Although standard on more new vehicles, it is affordable as an option. On a 2009 Toyota Corolla, for example, stability control is offered for $ 250. In addition, some insurance companies offer discounts on vehicles with ESC. Los Angeles-based Farmer’s Insurance offers a 5% discount on collision coverage in 38 states, including California, spokesman Jerry Davies said.

While 99 percent of 2009 model year sport utility vehicles come standard with ESC, only 37 percent of pickup trucks do. It is standard on 74% of passenger cars in the 2009 model year, up from 64% in 2008.

Consumer Reports and the Insurance Institute recognize that electronic stability control systems, which are sourced from several automotive suppliers, are not the same.

“We test the systems as part of the overall performance of the vehicle. And we are seeing differences in the performance of ESC systems from vehicle to vehicle, ”said Love of Consumer Reports. “They all use slightly different algorithms, which determine when the system is triggered and how the vehicle responds.”

This is not necessarily a bad thing. Someone who drives a Corvette is likely to drive it more aggressively than someone driving a van and would likely want a stability control system to intervene less often. Some vehicles offer on / off switches for this function.

Systems differ by car type and even within a brand, said Kay Stepper, marketing manager at Robert Bosch, which supplies ESC systems to Mercedes-Benz, BMW, Toyota and others.

Yet Stepper said: “At a minimum, all are designed to offer the same level of security.”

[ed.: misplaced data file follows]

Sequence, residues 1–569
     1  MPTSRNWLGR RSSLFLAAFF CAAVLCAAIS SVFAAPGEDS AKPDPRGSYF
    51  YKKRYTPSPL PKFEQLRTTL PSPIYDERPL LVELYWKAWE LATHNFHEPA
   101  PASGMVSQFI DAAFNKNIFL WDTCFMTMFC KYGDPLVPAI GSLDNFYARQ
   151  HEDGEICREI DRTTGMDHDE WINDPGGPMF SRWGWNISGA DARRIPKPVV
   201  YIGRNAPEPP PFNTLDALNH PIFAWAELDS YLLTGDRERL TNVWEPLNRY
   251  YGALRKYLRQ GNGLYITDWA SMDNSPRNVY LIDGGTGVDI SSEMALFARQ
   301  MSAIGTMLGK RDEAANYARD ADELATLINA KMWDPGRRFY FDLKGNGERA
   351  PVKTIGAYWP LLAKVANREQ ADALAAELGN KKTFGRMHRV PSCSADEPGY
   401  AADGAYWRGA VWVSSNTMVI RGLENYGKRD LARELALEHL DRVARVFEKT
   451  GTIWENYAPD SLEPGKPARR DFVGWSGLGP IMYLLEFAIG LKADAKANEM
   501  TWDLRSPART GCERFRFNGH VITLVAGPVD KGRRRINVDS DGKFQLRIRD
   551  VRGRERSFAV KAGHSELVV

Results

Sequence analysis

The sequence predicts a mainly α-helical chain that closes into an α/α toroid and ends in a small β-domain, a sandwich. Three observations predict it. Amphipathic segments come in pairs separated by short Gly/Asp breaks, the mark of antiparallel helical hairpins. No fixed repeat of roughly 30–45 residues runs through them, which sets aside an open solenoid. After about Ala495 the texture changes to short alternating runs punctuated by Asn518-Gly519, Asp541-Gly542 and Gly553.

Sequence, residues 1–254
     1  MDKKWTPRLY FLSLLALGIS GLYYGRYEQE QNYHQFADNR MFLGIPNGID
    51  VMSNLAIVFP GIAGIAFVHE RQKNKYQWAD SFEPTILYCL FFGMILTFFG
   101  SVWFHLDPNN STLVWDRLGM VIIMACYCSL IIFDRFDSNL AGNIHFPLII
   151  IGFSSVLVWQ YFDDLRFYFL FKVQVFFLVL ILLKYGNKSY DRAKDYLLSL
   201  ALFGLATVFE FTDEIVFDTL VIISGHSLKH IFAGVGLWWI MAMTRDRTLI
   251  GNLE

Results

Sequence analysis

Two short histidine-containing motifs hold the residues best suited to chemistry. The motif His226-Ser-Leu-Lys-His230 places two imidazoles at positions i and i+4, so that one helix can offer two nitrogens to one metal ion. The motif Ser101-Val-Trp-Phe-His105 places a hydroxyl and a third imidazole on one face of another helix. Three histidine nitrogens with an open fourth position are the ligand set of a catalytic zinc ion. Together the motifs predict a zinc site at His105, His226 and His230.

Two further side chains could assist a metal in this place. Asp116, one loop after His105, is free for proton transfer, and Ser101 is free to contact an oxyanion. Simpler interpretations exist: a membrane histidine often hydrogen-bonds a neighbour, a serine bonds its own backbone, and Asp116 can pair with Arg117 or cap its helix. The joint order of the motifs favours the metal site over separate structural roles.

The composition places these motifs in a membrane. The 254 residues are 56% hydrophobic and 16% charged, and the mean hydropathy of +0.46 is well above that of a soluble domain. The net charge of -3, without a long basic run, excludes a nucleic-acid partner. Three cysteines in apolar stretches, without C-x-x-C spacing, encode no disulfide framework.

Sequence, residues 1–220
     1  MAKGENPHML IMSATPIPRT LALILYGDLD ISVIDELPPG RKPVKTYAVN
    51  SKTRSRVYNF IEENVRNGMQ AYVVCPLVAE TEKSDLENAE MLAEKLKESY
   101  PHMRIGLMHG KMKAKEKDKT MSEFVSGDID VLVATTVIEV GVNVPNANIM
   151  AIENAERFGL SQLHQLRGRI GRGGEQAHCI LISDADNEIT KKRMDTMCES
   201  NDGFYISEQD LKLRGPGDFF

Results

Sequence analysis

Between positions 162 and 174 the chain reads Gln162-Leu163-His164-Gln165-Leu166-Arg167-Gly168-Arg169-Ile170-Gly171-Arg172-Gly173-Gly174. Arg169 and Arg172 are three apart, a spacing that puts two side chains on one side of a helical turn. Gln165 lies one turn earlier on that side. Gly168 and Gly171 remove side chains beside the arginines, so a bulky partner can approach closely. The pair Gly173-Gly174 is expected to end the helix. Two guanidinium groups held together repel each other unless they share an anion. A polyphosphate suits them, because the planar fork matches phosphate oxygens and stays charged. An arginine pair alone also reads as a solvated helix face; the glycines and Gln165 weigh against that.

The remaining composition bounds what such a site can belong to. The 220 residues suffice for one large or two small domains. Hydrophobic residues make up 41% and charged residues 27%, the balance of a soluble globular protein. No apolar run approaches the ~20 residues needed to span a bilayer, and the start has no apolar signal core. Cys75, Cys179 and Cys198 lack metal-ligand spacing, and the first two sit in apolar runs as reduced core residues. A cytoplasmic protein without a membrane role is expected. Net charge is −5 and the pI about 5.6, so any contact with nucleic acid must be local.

While the number of automobile fatalities in the United States per kilometer driven has declined in recent years, the number of fatalities has remained stable at 37,000 to 39,000 per year since 1995. Safety technologies such as electronic stability control , as well as more recent innovations such as lane departure prevention systems and collision predictive systems are expected to reduce this number.

Contact Matt Nauman at or (408) 920-5701.

Electronic stability control: how it works

Electronic stability control includes speed sensors on all four wheels as well as sensors that monitor steering angle, yaw rate and lateral acceleration. A control unit processes the information and an electric motor allows the anti-lock braking system to operate even if a driver is not touching the pedal. The sensors calculate data at least 25 times per second, and newer systems do it more frequently, said Kay Stepper of Bosch, an automotive supplier.
Algorithms and software allow the control unit to know if a vehicle is about to move in a direction different from that indicated by the steering wheel. Typically in play on slippery roads or in severe turns where traction is lost, ESC activates when a vehicle turns less than a driver wants (understeer) or turns more (oversteer). Brief braking on the appropriate wheel will correct the situation. Some car manufacturers also reduce engine power in such situations. The result is that the vehicle returns to its intended path, thus avoiding an accident or rollover.
ESC requires no driver intervention, and its computerized technology reacts and adapts to a situation much faster than a human driver could.
Sources: Insurance Institute for Road Safety; Bosch

By any
Other name

Some experts in the auto industry say that the operation of electronic stability control is a little difficult for people who are not technically minded to understand. The wide variety of names used in the industry doesn’t help either. South Korean Kia, for example, is one of the few automakers to call the system electronic stability control. “It’s hard for a person who just bought a new car to know if it has ESC because you might call it something else,” said David Zuby of the Insurance Institute for Highway Safety. Here is a sample of names:
Chevrolet, Cadillac and other General Motors brands:
Dynamic Stability Control (DSC)
Ford and Lincoln: AdvanceTrac
and smart:
Electronic Stability Program (ESP)
Honda and Acura: Vehicle Stability Assistance (VSA)

Source: Insurance Institute for Road Safety

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Deana N. Guinn